What could Shaul do with these doubts? He could have easily sent word to or personally his teacher Shmuel to ask about the specifics of the command. He could have asked if he really needed to kill King Agag, or if keeping him a prisoner would have been sufficient. He could have double-checked to see if it was really necessary to waste all of the Amaleki sheep and cattle, animals whose only crime was being owned by our eternal enemy. He didn’t, and this is where Shaul HaMalech’s mistake was. Shaul had safek, but instead of trying to clarify his doubts, he “plowed ahead at full speed.”

This reaction to doubts — ignoring them, and continuing in one’s determined path — is oftentimes more dangerous than just pausing or stopping because of safek. This is most obviously seen in our haftarah: Shaul, after not exactly fulfilling Hashem’s directive, is confronted by his mentor Shmuel. Shaul responds:

אשר שמעתי בקול ה’ ואלך בדרך אשר שלחני ה’

I have listened to the voice of Hashem and I have followed in the path that he sent me (שמואל א טו:כ)

Because Shaul was confronted with doubts, and because he put them aside in the pursuit of his version of מחיית עמלק, he not only failed in his mission, but he also believed that he had succeeded, and that he had listened to Hashem. This ended up leading to Shaul’s downfall, as Chazal explain that if the king would have apologized at that point, Hashem may have forgiven him. Instead, since Shaul had allowed his sefekot to change his fulfillment of Hashem’s directive, and he had convinced himself that he was not in doubt, and that he had not sinned, he ended up losing the kingship, and sealing his and his son’s fate.

I belive that it is clear from here that this is the dangerous power of Amalek. Very often, when we are faced with a moral difficulty, our natural, first reaction is doubt. This is healthy, as it gives us a chance to check-in and try to reestablish if we are actually correct or not. However, sometimes, we have the inclination not to think about it — to ignore the facts, and follow our gut instinct no matter how incorrect it actually is. Oftentimes, this is compounded by a feeling of self-righteousness, which leaves us in a dangerous position of being completely wrong but convinced we are 100% correct. This is the danger of Amalek –– it takes away our healthy safek.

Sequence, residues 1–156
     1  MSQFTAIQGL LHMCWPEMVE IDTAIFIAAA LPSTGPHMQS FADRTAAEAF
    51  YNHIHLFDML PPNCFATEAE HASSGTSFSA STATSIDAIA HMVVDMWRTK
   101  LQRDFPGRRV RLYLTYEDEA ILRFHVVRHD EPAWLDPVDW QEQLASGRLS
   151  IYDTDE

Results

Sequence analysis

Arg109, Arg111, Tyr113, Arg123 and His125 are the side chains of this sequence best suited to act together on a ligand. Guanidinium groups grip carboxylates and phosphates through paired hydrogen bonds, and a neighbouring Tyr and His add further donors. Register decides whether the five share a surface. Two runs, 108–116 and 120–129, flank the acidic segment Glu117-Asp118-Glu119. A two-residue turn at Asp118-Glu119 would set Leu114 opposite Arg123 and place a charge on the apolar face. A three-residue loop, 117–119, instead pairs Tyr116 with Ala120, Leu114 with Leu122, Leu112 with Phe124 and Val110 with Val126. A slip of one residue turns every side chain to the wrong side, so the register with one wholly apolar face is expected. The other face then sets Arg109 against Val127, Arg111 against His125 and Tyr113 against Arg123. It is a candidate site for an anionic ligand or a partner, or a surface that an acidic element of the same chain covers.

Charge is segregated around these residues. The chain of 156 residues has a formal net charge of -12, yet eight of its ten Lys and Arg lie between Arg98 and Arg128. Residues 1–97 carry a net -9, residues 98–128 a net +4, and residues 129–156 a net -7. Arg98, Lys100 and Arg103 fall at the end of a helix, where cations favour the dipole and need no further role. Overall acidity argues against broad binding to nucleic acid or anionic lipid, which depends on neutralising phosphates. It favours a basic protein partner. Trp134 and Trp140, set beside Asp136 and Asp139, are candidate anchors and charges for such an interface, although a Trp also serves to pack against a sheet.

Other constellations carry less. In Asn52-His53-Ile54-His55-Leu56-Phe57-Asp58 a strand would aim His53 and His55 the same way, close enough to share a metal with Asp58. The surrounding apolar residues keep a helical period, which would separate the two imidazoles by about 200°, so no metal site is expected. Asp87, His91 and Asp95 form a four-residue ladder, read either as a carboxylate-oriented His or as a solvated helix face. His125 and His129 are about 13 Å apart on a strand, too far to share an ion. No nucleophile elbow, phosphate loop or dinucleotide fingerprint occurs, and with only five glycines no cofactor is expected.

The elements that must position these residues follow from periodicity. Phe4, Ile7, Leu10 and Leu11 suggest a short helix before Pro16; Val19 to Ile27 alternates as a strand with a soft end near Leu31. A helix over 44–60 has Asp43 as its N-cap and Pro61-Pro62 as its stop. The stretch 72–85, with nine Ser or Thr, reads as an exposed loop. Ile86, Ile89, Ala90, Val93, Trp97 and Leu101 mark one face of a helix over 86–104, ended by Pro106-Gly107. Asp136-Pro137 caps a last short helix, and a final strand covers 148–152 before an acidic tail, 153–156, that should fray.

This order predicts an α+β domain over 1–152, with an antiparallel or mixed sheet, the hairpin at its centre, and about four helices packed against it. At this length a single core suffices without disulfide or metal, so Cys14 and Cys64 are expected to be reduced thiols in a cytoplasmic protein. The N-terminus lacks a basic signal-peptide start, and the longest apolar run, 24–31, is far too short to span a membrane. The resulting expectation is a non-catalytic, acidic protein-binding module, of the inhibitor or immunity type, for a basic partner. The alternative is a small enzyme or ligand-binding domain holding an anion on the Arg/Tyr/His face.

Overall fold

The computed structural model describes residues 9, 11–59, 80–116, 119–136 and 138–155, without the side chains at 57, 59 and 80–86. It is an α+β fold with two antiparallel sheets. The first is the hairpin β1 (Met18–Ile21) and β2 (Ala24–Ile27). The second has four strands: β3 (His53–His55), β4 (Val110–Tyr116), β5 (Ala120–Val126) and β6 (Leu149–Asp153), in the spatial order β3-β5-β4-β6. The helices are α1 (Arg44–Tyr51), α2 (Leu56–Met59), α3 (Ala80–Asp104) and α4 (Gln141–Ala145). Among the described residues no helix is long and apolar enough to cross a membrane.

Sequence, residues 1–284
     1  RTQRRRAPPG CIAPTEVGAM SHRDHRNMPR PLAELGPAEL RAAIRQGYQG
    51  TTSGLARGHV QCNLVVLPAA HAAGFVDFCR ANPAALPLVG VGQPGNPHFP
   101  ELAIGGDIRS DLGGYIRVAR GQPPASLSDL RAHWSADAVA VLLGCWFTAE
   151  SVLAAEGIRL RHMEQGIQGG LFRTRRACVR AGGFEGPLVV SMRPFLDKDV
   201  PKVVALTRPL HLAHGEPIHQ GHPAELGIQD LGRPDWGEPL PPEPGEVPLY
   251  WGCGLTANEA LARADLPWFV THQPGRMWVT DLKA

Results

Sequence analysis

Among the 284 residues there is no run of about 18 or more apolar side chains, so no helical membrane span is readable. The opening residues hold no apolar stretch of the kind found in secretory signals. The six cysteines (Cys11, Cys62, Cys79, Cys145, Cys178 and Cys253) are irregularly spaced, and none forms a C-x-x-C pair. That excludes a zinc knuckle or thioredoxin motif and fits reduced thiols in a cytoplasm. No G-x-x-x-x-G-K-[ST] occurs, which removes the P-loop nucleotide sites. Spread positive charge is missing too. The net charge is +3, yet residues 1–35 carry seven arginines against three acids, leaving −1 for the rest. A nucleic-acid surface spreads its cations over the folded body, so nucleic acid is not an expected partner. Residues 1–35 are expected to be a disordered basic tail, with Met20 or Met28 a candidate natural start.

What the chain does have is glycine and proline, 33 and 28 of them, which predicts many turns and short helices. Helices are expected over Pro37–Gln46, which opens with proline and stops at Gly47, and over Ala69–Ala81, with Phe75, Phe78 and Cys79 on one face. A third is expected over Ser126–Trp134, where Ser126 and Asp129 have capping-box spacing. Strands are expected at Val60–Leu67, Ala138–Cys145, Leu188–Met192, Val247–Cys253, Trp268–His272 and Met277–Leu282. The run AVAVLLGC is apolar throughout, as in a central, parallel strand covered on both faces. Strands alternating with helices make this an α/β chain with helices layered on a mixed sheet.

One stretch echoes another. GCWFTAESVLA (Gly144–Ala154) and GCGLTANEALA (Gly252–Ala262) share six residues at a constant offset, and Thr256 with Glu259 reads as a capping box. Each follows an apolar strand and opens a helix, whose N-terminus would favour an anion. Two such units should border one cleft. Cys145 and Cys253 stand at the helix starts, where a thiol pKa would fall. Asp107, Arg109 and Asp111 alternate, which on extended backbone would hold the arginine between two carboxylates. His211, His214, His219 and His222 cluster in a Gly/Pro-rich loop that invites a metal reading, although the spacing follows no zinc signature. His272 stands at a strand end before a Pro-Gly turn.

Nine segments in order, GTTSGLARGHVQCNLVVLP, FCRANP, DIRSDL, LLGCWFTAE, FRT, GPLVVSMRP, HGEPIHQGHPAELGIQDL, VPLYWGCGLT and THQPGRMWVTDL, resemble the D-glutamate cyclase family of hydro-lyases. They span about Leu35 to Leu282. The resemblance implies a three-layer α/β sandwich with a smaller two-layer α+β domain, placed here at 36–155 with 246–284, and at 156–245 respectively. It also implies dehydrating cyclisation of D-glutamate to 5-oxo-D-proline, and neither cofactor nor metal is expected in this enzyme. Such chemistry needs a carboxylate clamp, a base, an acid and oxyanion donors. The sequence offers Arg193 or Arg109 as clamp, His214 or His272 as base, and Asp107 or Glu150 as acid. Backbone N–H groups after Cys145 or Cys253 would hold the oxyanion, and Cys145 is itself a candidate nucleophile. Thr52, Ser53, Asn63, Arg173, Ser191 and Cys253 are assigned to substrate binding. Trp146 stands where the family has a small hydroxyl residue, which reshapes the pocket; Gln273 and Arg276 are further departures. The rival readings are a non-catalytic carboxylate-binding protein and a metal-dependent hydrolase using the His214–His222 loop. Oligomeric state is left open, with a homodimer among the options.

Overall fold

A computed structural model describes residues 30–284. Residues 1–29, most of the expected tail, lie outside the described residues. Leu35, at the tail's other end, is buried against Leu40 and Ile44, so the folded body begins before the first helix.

Based on the well-known position that the Western world (beginning with Rome and Greece), as descendants of Edom, share features of their cousin Amalek (and could perhaps have their status in the End of Days), I believe it is obvious that the same sans-safek that affected Shaul as he fought Amalek is also affecting many Jews as they live in the Western world. For the past few weeks, I’ve been taking advantage of the open discussion opportunity presented by the internet and social networking to try to figure out what motivates many secular Jews in the United States to come out so strongly against the State of Israel. While I hope to eventually publish the results of this study separately, one recurring theme was the concept that Israel has been committing war crimes against Palestinians, and “someone must hold them accountable.” As Jews, they feel an especially high level of responsibility to, well, hold their Israeli brethren responsible.